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|Title:||The relationship between exercise motives and psychological well-being.|
|Citation:||J PSYCHOL, 2001, 135 (6), pp. 651-660|
|Abstract:||The aim of the present study was to use the self-determination model of exercise motives to examine the relationship between extrinsic and intrinsic motives for exercise and a number of measures of psychological well-being. Undergraduate students purporting to exercise regularly (N = 227; 102 men, 125 women) were split into 2 groups: those exercising for less than 6 months and those exercising for 6 months or more. The respondents were asked to complete measures of exercise motivation, self-esteem, psychological well-being, and stress. Among individuals exercising for less than 6 months, a number of extrinsic motivations for exercise were significantly related to poorer psychological well-being. Among individuals exercising for 6 months or more, a number of intrinsic motivations were significantly related to better psychological well-being. The present findings suggest that researchers can use self-determination theory to understand the relationship between exercise motivation and psychological well-being.|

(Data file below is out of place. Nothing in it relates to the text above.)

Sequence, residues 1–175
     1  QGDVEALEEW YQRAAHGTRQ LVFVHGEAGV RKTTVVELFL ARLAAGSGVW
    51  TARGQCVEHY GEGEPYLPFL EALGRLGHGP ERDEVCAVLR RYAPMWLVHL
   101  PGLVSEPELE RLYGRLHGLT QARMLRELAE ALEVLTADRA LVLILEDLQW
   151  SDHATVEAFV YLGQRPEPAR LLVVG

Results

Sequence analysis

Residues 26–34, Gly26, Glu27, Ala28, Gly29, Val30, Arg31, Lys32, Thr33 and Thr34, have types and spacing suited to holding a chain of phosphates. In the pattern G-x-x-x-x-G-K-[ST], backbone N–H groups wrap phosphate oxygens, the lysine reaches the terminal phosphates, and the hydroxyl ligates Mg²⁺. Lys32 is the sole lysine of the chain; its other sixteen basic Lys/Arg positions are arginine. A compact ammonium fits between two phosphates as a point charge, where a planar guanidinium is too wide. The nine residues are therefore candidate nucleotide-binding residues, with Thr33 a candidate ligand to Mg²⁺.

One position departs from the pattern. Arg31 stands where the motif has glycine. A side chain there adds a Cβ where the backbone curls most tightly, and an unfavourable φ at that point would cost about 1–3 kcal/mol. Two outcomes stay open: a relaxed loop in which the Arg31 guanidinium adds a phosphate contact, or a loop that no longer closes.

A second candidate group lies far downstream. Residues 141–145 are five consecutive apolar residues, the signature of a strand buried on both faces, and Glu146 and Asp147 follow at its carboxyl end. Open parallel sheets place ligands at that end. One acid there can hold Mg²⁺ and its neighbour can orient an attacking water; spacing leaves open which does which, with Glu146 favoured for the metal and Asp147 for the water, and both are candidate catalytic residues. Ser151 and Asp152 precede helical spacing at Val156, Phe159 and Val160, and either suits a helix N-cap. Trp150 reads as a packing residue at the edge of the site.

|Appears in Collections:||Published Articles, School of Psychology|
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